Carl Sagan, an American astronomer and public science spokesman, was born Nov. 9, 1934. Sagan was a planetary scientist at Cornell and an adviser to NASA during the early years of the space program (i.e., the 1960s and 70s). Another space program of sorts was being launched at the same time, the Search for Extraterrestrial Intelligence, or SETI, and Sagan was involved in that as well. He was adamantly resistant to the idea that ET has already visited earth (“extraordinary claims require extraordinary evidence” is one of the more celebrated quotes from his later Cosmos series), but he was convinced that life, and probably intelligent life, existed elsewhere than Earth. So it is not surprising that Sagan was instrumental in persuading NASA to put messages intended for an extraterrestrial audience on the four space probes that would eventually leave the solar system: Pioneer 10 and 11, and Voyager 1 and 2. The Pioneer spacecraft departed first, and their messages were clearly afterthoughts, metal plaques bolted to the outside of the two spacecraft. But much more time and effort went into the Voyager messages, which consisted of sounds and images of earth, encoded upon gold-plated long-playing records (this was 1977, after all), and Sagan played a key role in generating enthusiasm for and selecting the contents of the Golden Record.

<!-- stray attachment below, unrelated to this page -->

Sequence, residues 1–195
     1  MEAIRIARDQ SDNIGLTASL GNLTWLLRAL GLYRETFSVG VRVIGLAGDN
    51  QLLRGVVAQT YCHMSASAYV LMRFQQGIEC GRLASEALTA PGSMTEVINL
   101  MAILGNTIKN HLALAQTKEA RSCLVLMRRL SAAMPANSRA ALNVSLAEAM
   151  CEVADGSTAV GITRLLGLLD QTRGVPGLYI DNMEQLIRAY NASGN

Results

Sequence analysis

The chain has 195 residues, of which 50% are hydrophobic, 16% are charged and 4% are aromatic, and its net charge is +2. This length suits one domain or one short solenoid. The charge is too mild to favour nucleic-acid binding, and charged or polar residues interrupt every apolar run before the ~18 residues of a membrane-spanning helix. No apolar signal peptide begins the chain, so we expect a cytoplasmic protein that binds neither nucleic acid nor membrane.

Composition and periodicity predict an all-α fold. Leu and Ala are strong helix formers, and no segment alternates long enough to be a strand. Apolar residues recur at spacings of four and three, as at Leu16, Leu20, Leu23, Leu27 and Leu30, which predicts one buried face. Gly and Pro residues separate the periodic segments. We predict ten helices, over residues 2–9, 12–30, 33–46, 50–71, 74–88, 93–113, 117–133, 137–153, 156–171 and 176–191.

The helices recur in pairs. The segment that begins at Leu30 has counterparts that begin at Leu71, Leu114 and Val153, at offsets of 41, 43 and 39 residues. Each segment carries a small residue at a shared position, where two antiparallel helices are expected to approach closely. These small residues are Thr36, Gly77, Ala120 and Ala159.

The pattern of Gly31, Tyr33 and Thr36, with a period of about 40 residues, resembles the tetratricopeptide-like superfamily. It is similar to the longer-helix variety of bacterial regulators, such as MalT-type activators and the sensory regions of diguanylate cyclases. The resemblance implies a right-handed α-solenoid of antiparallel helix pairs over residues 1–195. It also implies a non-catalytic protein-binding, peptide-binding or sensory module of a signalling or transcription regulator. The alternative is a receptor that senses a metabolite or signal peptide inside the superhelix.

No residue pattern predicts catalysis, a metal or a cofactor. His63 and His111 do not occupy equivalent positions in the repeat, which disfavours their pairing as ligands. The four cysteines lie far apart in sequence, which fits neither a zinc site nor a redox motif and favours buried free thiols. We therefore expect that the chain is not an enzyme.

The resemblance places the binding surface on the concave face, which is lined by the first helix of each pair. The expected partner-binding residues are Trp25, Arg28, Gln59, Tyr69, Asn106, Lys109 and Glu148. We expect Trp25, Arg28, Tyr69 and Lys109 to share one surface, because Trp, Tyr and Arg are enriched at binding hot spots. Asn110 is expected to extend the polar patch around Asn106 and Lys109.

Sagan is best known for his PBS series, Cosmos: A Personal Voyage, which aired in the fall of 1980. It had been preceded by Kenneth Clark’s Civilization series (1969), and Jacob Bronowski’s The Ascent of Man (1973), both absolutely splendid, but Cosmos still managed to set a new standard for popular science television that has never been surpassed, even in the CGI age in which we live. I watched the entire series as it was aired, week by week for three months, and I was not so much enthralled as incredibly impressed, since I knew how hard it is to maintain a consistent and convincing vision through a 13-part series that covers the entire universe, and how difficult it is to get all the facts right, especially when making frequent forays into the history of science, which was not really Sagan’s domain.
But Sagan did astonishingly well, much better than his successors, because Sagan had excellent historical consultants to whom he was willing to listen. And he did have an eager and friendly manner about him, and a silver tongue, and a way with words, which made him a pleasure to listen to. You can find all 13 episodes of Cosmos on YouTube, but be advised that these are not the original programs–many of the images have been replaced and the graphics updated (which may not be a bad thing for a modern audience, since graphics were primitive in 1980, and planets such as Uranus and Neptune had not yet been imaged when Cosmos originally came out).
Sagan’s book Contact (1985), made into a successful motion picture (1997), might be the subject of a future anniversary.
Dr. William B. Ashworth, Jr., Consultant for the History of Science, Linda Hall Library and Associate Professor, Department of History, University of Missouri-Kansas City. Comments or corrections are welcome; please direct to firstname.lastname@example.org.